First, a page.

By: Lisa Soronen, State and Local Legal Center, Washington, D.C.
The State and Local Legal Center (SLLC) files Supreme Court amicus curiae briefs on behalf of the Big Seven national organizations representing state and local governments.
*Indicates a case where the SLLC has filed or will file an amicus brief.
If the only case the Supreme Court decided was South Dakota v. Wayfair, last term would have been one of the most important for states and local governments in this century. But of course the Court consumed its steady diet of about 70 cases. In a couple of these cases, the Court didn’t decide nearly as much as it could have. For example, in Gill v. Whitford and Benisek v. Lamone the Supreme Court failed to articulate a standard for when partisan gerrymandering is unconstitutional, without closing any doors, as it has since the 1986. Likewise, in the infamous “cake case” the Supreme Court failed to decide whether a cake maker had a First Amendment right to not make a wedding cake for a same-sex couple. But a number of other cases were as big as could be for states and local governments. This article covers the three biggest cases for local governments.
In South Dakota v. Wayfair* the Supreme Court ruled that states and local governments can require vendors with no physical presence in the state to collect sales tax. In a 5-4 decision, the Court concluded “economic and virtual contacts” are enough to create a “substantial nexus” with the state, allowing the state to require collection.
In an opinion written by Justice Kennedy, the Court offered three reasons for why it was abandoning the physical presence rule from Quill v. North Dakota (1992). “First, the physical presence rule is not a necessary interpretation of the requirement that a state tax must be ‘applied to an activity with a substantial nexus with the taxing State.’ Second, Quill creates rather than resolves market distortions. And third, Quill imposes the sort of arbitrary, formalistic distinction that the Court’s modern Commerce Clause precedents disavow.”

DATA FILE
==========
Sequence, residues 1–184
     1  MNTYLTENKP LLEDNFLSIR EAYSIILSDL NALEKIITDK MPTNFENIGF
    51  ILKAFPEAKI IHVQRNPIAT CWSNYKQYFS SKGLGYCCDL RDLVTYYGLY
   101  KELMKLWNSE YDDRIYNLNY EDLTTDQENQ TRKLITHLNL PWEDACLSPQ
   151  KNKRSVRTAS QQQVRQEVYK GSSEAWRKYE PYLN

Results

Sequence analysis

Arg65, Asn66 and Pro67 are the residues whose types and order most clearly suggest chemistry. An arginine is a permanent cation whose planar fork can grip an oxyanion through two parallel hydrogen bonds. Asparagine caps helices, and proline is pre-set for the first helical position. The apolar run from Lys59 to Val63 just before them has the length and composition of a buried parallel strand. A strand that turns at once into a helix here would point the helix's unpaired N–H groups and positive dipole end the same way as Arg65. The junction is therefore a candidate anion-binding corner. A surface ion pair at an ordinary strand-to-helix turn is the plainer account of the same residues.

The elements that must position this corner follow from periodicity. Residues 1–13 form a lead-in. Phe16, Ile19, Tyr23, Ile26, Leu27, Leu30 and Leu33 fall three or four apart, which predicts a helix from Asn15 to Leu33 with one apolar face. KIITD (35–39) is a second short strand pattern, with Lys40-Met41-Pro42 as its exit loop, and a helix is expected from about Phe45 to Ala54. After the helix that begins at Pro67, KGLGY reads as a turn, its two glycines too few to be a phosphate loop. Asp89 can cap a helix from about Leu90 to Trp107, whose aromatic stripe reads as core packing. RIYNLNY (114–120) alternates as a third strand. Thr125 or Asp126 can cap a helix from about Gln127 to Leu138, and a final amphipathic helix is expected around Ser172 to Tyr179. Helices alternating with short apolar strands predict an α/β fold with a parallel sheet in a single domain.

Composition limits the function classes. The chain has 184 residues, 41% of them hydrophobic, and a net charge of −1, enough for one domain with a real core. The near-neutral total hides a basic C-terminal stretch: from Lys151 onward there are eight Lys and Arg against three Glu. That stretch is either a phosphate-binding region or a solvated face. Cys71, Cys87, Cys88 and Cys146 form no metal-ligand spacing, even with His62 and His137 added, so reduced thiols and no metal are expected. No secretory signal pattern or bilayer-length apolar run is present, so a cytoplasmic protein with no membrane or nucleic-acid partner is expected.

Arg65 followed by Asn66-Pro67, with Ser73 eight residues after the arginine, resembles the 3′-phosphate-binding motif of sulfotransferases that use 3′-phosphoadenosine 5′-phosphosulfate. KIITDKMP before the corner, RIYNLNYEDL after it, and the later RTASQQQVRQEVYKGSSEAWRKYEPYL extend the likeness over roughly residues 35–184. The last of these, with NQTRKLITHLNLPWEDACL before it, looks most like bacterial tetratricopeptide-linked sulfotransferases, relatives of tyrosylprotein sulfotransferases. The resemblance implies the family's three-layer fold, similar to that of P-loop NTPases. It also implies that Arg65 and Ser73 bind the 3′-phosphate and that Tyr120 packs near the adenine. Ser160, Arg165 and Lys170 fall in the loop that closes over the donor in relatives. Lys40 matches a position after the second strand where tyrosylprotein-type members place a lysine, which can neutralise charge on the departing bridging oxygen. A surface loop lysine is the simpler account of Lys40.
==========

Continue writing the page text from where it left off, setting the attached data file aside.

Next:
To require a vendor to collect sales tax, the vendor must still have a “substantial nexus” with the state. The Court found a “substantial nexus” in this case based on the “economic and virtual contacts” Wayfair has with South Dakota, reasoning that a business could not do $100,000 worth of business or 200 separate transactions in the state “unless the seller availed itself of the substantial privilege of carrying on business in South Dakota.”
In Abood v. Detroit Board of Education (1977), the Supreme Court upheld “agency shop” arrangements where public employees who do not join a union are still required to pay their “fair share” of union dues for collective-bargaining, contract administration, and grievance-adjustment. In Janus v. AFSCME, the Supreme Court overruled Abood in a 5-4 opinion. The Court also held that employees must “affirmatively consent” to join a union.
In an opinion written by Justice Alito, the Court repudiated the two main justifications for “fair share” in Abood: “labor peace” and avoiding free riders. In Janus, the Court pointed out that labor peace exists in federal employment (where agency fee is disallowed), as well as states without agency fee. The second defense for agency fee in Abood was to avoid free riders who “enjoy the benefits of union representation without shouldering the costs.” But the Court pointed out Janus’ analogy that “he is not a free rider on a bus headed for a destination that he wishes to reach but is more like a person shanghaied for an unwanted voyage.”
Finally, the Court looked at the five factors it typically weighs when deciding whether to overturn precedent: the quality of the Court’s reasoning, the workability of the rule it established, its consistency with other related decisions, developments since the decision was handed down, and reliance on the decision. Only one factor, the Court concluded, weighed in favor of keeping Abood. But that factor—reliance—“does not carry decisive weight.”